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Hours
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  • Closed November 28
865-215-8824, eths@eastTNhistory.org
First Floor
Hours
  • M-F: 9am - 4pm
  • Sat: 10am - 4pm
  • Sun: 1pm - 5pm
  • Closed November 28
  • November 29: Holiday Hours 10am - 4pm
865-215-8830
Third Floor
Hours
  • M-Tu: 9am - 8:30 pm
  • W-F: 9am - 5:30 pm
  • Sat: 9am - 5pm
  • Sun: 1pm - 5pm
  • Closed November 28
  • Closed November 29
865-215-8801
Second Floor
Hours
  • M-F: 8am-4:30pm
  • Closed November 28
  • Closed November 29
865-215-8800

Ramseys at Swan Pond the Archaeology and History of an East Tennessee Farm

Charles H. Faulkner

The Ramsey House was built in 1797 for Col. Francis Alexander Ramsey, a prominent early settler of East Tennessee who, along with his two sons J. G. M. Ramsey and William B. A. Ramsey, shaped the physical and cultural landscape of what would become Knox county and Knoxville, Tennessee. The one-hundred-acre homestead, referred to by Colonel Ramsey as Swan Pond, contained the Ramsey home as well as other outbuildings and slave quarters. In 1952, the Association for the Preservation of Tennessee purchased the tract of land, and the Ramsey House is now listed on the National Register of Historic Places.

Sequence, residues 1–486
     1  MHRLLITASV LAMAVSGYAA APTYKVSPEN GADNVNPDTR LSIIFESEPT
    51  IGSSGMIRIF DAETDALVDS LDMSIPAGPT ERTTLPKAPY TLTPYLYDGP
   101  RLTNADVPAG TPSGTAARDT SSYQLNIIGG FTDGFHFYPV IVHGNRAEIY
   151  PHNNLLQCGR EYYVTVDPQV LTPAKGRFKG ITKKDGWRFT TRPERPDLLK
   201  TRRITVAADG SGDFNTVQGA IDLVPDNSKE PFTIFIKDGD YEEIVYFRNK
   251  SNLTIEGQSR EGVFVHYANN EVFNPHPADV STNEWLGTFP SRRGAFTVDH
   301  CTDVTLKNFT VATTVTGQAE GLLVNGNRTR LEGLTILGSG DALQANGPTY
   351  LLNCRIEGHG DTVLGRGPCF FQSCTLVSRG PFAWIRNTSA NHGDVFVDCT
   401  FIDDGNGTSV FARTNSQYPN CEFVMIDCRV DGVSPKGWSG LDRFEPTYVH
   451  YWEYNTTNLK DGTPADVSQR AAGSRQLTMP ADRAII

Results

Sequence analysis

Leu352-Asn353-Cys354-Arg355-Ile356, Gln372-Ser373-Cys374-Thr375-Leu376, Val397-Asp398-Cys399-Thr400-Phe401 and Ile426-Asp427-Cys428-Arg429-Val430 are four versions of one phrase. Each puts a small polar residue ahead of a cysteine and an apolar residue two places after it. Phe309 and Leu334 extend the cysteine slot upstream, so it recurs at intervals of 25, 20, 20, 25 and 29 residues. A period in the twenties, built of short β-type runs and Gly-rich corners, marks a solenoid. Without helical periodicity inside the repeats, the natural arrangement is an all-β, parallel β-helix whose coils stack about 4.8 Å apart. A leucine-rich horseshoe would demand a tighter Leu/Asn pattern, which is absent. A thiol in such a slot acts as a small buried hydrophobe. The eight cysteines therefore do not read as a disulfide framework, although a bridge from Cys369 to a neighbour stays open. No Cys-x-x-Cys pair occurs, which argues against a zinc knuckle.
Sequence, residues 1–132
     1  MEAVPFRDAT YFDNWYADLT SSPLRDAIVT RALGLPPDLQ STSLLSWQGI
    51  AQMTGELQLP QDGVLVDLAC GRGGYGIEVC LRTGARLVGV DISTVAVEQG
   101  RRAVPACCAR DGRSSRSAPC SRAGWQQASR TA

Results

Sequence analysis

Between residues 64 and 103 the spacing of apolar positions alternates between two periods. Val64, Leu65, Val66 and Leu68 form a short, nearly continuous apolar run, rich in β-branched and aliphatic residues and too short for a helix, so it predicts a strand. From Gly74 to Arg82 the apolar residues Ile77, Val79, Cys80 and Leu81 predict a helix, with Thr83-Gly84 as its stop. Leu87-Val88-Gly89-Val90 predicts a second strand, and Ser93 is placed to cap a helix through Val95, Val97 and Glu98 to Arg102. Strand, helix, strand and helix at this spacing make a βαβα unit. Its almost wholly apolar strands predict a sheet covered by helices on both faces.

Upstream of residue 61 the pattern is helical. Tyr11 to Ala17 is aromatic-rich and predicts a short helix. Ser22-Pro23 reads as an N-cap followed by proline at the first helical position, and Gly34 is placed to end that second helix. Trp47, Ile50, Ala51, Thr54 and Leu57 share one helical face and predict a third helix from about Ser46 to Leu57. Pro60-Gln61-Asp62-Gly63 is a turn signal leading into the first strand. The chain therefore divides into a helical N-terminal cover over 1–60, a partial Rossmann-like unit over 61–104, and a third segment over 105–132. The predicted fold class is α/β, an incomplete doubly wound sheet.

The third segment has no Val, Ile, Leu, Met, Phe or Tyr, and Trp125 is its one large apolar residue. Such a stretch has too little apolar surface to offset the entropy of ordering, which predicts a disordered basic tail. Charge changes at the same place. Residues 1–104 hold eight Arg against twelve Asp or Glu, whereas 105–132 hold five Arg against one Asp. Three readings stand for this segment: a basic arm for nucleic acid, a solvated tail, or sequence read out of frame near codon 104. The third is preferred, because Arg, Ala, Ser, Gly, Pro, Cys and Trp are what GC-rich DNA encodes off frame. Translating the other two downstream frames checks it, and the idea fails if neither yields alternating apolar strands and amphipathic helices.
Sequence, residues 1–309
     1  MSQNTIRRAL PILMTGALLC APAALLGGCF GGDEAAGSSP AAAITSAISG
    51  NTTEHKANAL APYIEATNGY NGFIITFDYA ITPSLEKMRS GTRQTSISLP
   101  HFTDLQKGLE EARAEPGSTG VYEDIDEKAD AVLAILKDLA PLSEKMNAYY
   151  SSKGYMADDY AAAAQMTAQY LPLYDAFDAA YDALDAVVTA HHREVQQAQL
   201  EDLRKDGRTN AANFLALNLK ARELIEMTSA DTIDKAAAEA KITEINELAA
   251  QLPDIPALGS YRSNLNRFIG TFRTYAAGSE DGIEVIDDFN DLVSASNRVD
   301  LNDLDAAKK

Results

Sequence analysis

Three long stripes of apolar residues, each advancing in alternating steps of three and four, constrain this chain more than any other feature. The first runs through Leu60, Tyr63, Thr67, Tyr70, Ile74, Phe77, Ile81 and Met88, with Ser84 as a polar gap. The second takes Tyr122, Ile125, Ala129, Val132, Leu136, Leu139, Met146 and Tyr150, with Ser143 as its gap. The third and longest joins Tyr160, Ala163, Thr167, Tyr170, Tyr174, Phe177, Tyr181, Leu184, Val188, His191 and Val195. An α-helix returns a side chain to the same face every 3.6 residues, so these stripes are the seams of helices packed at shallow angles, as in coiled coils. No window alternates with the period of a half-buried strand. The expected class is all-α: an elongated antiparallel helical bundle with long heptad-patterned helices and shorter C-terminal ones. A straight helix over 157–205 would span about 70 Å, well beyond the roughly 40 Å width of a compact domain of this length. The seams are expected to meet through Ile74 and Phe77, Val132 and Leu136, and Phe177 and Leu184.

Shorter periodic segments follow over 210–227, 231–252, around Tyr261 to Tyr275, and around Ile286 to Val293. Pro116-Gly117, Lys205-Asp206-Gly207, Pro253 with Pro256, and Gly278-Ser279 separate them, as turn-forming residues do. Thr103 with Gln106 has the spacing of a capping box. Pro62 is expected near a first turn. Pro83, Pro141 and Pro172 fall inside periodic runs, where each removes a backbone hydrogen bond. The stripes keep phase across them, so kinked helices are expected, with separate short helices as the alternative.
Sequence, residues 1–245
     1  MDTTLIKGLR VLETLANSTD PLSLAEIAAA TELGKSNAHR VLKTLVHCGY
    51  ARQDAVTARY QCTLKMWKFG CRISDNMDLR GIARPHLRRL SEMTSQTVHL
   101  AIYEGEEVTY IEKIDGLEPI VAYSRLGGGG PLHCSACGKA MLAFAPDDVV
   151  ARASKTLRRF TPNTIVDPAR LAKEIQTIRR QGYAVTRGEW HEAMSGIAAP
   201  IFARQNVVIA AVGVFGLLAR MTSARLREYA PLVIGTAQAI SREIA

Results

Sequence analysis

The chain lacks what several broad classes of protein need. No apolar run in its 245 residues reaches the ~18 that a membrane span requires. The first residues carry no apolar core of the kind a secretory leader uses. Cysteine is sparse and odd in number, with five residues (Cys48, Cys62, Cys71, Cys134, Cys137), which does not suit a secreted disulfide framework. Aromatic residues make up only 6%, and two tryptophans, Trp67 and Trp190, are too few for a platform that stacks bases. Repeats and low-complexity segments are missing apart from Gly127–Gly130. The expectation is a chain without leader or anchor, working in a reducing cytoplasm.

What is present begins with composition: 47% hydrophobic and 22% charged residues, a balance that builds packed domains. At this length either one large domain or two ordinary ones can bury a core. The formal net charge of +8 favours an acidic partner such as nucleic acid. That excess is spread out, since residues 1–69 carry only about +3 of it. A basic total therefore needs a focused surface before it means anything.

Charles H. Faulkner began archaeological investigations at the Ramsey House in 1985 and concluded his work with his retirement from the University of Tennessee's anthropology department in 2005. During his tenure with the Ramsey House Archaeological Project, Faulkner and his team of scholars and students unearthed the prehistory of Native American occupation at Swan Pond, several outbuilding and early home foundation features yielding evidence of extensive early renovations to the Ramsey House and surrounding Swan Pond, and a multitude of ceramics and other artifacts left behind by the Ramsey family and other tenants ranging in dates from the late 1700s to the 1950s. Faulkner's research presented in The Ramseys at Swan Pond reveals not only the material culture and family lifeways of early wealth in East Tennessee, but chronicles the occupation of a homestead that would become pivotal to the development of early Knoxville and Knox County and offers insights into the responsibilities Ramsey and his family undertook in order to tame an early American frontier. 168 pages.

$22.50
Weight: 
1 lb
Dimensions: 
9 × 1 × 6 in